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Committee puts focus on sexual exploitation

By: Dave Baxter

Posted: 04/8/2018 8:45 AM

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Alexandra Ross and Stephanie Klassen are two of the members who will make up the newly formed South East Coalition Against Trafficking.


Alexandra Ross and Stephanie Klassen are two of the members who will make up the newly formed South East Coalition Against Trafficking.


A new committee has been formed in southeastern Manitoba that will look to bring awareness to, and work to fight back against issues of sexual exploitation and human trafficking.

Stephanie Klassen is one of the three current members who will sit on the board of the newly-formed South East Coalition Against Trafficking (SECAT)

Klassen said although sexual exploitation is not as "visible" in the southeastern part of Manitoba as it is in big cities like Winnipeg, that doesn’t mean exploitation isn’t happening in the area.

"Steinbach doesn’t have that street-level exploitation, but we know any community that has access to the internet is susceptible to online exploitation, which is something that is currently exploding," Klassen said.

"There is no area that’s immune from it, and it’s not just online, there is person to-person exploitation that is also happening here.

"There may not be a street where you go and see that sort of thing, but we know that it does happen."

Klassen said the new committee will be one of many already formed regional teams that have been formed in Manitoba under Tracia's Trust, a provincial strategy to address sexual exploitation.

Tracia's Trust which first started in 2008 sees regional teams working on the issues of exploitation in their communities, but Steinbach and the Southeast have not been a part of this initiative until now.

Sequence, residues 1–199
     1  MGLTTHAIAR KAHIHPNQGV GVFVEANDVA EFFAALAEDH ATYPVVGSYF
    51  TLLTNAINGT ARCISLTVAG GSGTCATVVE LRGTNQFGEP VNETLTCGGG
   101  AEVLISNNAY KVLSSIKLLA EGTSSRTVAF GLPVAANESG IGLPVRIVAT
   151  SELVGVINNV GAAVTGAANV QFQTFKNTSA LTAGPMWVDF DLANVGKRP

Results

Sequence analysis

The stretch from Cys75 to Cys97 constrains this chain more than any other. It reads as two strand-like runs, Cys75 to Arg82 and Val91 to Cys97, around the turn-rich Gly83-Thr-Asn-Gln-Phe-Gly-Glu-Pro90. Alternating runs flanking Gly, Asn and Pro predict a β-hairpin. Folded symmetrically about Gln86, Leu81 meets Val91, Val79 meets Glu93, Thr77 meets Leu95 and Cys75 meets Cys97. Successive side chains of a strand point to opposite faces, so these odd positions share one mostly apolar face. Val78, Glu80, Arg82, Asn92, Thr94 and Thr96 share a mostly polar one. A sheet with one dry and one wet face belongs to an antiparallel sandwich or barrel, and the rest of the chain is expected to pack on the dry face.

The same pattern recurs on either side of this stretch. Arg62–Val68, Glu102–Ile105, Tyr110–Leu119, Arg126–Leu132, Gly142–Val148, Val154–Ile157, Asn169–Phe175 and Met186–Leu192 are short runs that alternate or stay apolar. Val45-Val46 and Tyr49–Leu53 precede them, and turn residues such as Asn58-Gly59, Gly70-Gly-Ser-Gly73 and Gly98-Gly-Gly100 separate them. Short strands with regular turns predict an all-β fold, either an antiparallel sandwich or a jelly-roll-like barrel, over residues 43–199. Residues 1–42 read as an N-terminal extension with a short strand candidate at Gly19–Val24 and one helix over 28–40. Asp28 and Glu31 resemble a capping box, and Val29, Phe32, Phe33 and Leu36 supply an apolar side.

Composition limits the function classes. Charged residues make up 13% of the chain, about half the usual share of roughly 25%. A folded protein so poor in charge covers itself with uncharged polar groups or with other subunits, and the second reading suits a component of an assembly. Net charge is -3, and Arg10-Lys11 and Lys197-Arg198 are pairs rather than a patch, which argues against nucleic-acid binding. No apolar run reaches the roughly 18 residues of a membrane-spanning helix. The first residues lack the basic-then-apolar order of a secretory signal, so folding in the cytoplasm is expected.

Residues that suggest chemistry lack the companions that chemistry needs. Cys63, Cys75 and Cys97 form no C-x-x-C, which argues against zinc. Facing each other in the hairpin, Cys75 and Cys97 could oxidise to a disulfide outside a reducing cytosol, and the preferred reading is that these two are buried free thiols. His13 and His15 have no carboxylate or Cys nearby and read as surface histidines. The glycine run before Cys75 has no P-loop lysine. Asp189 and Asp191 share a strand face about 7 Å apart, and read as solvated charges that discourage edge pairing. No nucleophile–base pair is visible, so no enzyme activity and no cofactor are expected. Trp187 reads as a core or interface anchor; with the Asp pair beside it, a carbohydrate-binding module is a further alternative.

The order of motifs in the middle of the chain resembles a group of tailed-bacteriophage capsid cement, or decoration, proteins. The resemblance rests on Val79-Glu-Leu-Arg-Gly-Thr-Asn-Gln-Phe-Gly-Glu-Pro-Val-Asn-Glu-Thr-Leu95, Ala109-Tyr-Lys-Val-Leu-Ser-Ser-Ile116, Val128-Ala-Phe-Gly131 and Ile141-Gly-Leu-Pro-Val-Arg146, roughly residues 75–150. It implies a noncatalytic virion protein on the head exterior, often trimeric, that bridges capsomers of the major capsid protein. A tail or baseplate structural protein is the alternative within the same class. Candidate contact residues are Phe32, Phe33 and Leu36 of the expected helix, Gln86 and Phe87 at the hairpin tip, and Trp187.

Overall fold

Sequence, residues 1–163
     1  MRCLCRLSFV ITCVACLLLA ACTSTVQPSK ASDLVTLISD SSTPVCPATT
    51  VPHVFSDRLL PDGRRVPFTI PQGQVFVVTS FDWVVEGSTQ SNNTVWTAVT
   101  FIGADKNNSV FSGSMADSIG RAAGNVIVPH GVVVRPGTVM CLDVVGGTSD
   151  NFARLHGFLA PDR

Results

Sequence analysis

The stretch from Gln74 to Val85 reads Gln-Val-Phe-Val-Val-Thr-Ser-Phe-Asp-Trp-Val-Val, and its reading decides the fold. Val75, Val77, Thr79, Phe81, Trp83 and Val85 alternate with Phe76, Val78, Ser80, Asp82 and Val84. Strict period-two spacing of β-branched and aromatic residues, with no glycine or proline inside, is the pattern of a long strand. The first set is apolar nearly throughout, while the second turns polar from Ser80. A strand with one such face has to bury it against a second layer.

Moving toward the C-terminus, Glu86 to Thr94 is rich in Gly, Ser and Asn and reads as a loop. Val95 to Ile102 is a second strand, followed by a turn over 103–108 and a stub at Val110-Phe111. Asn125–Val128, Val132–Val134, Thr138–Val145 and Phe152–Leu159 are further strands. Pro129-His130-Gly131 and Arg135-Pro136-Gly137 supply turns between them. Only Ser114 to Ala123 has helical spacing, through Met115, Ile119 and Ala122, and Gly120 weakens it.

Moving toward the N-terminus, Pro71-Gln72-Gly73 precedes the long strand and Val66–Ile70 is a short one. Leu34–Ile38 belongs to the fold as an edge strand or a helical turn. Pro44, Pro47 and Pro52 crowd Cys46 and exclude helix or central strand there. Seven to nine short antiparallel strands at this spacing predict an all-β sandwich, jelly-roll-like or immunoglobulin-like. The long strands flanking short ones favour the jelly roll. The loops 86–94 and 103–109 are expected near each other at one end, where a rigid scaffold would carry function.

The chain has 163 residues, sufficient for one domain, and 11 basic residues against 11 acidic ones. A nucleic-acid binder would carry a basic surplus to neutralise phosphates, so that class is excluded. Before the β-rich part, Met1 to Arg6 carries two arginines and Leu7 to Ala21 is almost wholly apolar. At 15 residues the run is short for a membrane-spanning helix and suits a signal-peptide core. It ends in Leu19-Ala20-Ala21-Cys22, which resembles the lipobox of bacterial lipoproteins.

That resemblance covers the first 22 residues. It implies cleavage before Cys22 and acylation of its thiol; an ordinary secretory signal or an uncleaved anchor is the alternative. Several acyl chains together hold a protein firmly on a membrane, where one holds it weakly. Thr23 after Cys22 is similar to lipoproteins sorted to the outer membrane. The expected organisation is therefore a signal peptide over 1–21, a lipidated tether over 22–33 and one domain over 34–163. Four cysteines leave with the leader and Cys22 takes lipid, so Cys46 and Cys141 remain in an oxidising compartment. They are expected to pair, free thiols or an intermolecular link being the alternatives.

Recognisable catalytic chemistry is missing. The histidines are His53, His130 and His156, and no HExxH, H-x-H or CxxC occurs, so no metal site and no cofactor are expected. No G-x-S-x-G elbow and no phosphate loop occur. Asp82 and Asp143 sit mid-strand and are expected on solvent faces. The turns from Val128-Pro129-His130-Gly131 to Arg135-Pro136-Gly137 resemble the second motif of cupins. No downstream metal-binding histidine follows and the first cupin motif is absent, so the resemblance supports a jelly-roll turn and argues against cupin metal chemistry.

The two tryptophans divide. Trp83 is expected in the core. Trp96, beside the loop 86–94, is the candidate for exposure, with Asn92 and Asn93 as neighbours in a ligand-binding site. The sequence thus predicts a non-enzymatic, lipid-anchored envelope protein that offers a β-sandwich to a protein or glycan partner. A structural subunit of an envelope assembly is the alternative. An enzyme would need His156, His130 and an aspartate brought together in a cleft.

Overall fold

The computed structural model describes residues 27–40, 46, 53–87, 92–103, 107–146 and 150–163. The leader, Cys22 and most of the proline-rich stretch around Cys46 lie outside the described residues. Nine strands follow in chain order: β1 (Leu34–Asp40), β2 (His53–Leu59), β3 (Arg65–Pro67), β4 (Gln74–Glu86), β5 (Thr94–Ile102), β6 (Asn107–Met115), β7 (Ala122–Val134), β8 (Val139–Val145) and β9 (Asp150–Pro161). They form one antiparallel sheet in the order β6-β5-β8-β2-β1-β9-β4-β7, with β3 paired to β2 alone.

Klassen added they are still looking for more members to join the SECAT team.

According to Klassen one of the main goals of SECAT will be to create awareness about sexual exploitation and trafficking so that others can come forward if they feel they are seeing something or dealing with something that may be exploitation.

"Right now there is a lack of awareness especially in the rural areas because we don’t always see it, and one of the big jobs of these regional teams is to bring public awareness," Klassen said.

She said there may be things that people see in their communities and don’t even realize what they are witnessing is exploitation.

"People may see that an adult is having a relationship with a teenager and nobody is thinking that is exploitation, but legally it is," Klassen said.

She added people in desperate situations can often be exploited.

"Sometimes it’s people asking for a sexual favour in exchange for a ride, or shelter or food," Klassen said. "This can happen in homes, at parties and with people that have authority over others."

Klassen said the group also wants to let people know where they can go and what they can do if they want to come forward with issues or stories of sexual exploitation.

"There are layers of shame and humiliation, and there is a tendency to sweep these things under the rug," Klassen said. "There needs to be a group that shines a light on something that is so important to shine a light on, but is hard to shine a light on."

"We want to give people things they can look out for, and let people know where they can go and who they can reach out to for help."

Klassen also wants to make sure SECAT works to fight against the sexual exploitation of children.

"We know that it can happen in schools, in churches or in organized sports," she said. "These are places where kids can be vulnerable, and that is what we need to address."

With SECAT in their very early stages, Klassen said one of their first tasks will be to recruit more interested community members that would like to join their team.

Anyone looking for more information on SECAT or for info about joining the team can contact Stephanie Klassen at

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